By TheFTR Coach Zac Marion

As an endurance coach, I’m most often asked, “How do I run faster?”

It makes sense; Everyone wants to be “better”, and in timed events, a faster athlete is a winning athlete.

My response, and the answer often frustrates my clients is, “If you want to run fast, you have to run fast!”

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I know, it sounds less “scientific” and more “blatantly obvious”, but trust me, the science is coming. Think of it as the same principle as lifting heavy weights. Do you think you’ll ever be able to press 300lbs if you constantly lift no more than 135lbs? Same as running; You have to push your limits if you want your body to perform at its maximum potential.

The two major components of cardiovascular fitness are the left ventricle in your heart (the one responsible for your stroke volume), and the body’s ability to pull oxygen out of the blood stream (oxygen uptake as we like to call it in). If your body can pump a lot of blood throughout the body and is also capable of pulling a lot of oxygen from that blood, you can maximize your potential for running fast. It makes no sense if you have a high stroke volume (read: strong heart) but your body isn’t conditioned to be able to uptake the oxygen that’s coursing through the increased blood flow.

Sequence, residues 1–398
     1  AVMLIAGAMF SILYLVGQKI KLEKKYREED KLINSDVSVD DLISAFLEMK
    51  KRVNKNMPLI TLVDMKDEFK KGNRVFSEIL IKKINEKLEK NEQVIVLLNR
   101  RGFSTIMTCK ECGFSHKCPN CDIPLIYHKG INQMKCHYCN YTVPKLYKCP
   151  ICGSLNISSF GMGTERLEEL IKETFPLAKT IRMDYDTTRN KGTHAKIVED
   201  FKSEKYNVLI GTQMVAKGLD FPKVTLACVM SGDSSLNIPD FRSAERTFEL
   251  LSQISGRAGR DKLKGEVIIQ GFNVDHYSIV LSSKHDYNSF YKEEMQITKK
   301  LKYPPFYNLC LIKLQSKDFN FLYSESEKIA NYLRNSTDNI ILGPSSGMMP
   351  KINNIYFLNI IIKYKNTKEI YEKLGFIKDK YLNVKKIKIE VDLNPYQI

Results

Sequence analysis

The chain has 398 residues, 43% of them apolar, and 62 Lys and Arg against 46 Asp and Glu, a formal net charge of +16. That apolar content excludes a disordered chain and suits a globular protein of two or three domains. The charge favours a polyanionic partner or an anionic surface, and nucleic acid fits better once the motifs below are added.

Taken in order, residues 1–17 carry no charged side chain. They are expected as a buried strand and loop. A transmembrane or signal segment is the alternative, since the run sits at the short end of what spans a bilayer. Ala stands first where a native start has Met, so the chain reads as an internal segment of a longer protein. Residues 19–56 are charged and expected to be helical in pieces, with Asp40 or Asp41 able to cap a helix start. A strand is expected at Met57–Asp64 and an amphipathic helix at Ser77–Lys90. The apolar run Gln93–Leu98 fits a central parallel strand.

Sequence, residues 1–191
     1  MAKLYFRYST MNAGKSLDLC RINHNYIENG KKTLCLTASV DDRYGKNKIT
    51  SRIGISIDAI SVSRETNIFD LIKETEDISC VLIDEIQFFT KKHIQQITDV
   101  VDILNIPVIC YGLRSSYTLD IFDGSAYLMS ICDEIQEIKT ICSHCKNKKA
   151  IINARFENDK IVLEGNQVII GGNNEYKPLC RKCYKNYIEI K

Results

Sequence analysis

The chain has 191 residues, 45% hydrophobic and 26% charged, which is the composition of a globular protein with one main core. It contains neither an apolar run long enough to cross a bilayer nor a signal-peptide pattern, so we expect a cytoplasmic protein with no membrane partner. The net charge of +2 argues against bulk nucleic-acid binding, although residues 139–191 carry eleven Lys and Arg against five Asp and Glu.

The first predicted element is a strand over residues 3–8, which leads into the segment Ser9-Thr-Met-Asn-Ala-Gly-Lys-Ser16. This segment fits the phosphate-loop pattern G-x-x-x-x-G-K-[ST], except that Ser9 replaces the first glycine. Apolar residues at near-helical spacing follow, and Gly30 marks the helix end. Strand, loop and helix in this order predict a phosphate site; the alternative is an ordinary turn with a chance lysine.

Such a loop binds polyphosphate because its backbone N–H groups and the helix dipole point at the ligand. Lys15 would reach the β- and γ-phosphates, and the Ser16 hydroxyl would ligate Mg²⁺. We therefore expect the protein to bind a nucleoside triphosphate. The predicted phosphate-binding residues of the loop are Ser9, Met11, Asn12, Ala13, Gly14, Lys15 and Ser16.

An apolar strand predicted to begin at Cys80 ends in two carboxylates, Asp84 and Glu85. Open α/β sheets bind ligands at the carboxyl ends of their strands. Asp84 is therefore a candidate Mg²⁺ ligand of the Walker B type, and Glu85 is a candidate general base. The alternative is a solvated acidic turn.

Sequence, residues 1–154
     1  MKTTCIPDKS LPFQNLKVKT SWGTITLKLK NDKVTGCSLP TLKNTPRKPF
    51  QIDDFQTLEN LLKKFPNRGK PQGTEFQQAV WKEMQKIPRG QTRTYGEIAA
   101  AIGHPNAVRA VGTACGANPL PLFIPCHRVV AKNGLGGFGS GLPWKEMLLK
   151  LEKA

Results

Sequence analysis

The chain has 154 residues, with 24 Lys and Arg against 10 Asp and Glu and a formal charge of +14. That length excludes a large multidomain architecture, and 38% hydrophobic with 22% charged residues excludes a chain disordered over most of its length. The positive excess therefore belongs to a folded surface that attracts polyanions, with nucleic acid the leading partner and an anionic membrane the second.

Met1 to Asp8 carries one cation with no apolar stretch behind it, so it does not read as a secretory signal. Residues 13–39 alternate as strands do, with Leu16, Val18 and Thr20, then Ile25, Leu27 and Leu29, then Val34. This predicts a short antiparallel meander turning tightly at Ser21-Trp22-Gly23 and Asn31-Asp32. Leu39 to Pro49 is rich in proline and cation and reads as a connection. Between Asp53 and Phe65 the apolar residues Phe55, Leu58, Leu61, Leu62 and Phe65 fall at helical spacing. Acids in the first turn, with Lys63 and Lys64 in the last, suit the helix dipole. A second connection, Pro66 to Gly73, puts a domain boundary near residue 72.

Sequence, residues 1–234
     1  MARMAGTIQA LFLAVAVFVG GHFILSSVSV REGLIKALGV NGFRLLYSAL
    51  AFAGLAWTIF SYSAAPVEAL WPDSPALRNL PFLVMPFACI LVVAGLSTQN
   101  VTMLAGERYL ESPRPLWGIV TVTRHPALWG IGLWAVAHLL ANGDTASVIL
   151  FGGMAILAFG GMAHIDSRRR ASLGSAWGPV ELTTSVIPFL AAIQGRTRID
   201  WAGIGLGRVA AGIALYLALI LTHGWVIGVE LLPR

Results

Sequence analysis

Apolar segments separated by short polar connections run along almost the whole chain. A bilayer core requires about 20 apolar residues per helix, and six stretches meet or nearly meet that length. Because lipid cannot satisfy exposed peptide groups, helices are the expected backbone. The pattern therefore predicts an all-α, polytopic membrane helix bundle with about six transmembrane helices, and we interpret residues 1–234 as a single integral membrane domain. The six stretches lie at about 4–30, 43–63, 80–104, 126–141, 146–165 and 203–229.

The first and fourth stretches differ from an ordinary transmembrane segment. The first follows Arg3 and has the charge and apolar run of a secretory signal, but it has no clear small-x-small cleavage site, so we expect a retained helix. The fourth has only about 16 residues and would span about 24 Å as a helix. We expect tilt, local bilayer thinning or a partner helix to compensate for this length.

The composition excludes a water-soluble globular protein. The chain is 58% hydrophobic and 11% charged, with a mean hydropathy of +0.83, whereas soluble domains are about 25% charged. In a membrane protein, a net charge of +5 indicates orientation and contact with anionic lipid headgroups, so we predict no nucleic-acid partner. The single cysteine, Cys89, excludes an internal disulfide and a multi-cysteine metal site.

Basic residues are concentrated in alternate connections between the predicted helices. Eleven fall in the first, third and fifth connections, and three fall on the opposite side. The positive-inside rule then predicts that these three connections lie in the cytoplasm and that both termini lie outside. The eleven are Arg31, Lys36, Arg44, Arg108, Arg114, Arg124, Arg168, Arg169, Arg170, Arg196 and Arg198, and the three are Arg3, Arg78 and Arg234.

When training, there are 3 main components of cardio vascular fitness to improve. You have your VO2 max, lactate thresholds, and running economy.  Each of these categories are very specific to certain intensities, distances and how they are trained for. They each individually play a role in the overall symphony of how we are able to perform as athletes from an aerobic capacity.

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VO2 max is the maximum amount of oxygen your body can utilize during exercise. This is a result of how much oxygen-rich blood your heart can pump and the muscles’ efficiency in being able to pull as much of that oxygen from the blood for aerobic fuel sources. Your VO2 max is realized under high intensity, maximal effort speeds that you shouldn’t be capable of maintaining for more than 5 minutes. And since oxygen is required to run fast, this is the single best measure of your aerobic capability and current fitness.

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The most common measure or effort level that most of us hear is the “lactate threshold”. This is a tricky one to explain, but here’s my take on it: Just like how your car turns gasoline into energy to turn the wheels and leaves behind carbon monoxide, your body turns oxygen and sugar into energy and leaves behind lactic acid. And just like your car, your body needs to get rid of that toxic waste. If too much build up occurs, it backs up the system so oxygen can’t be absorbed… leaving us to experience the dreaded “bonk” and fatigue that most runners feel late into their race.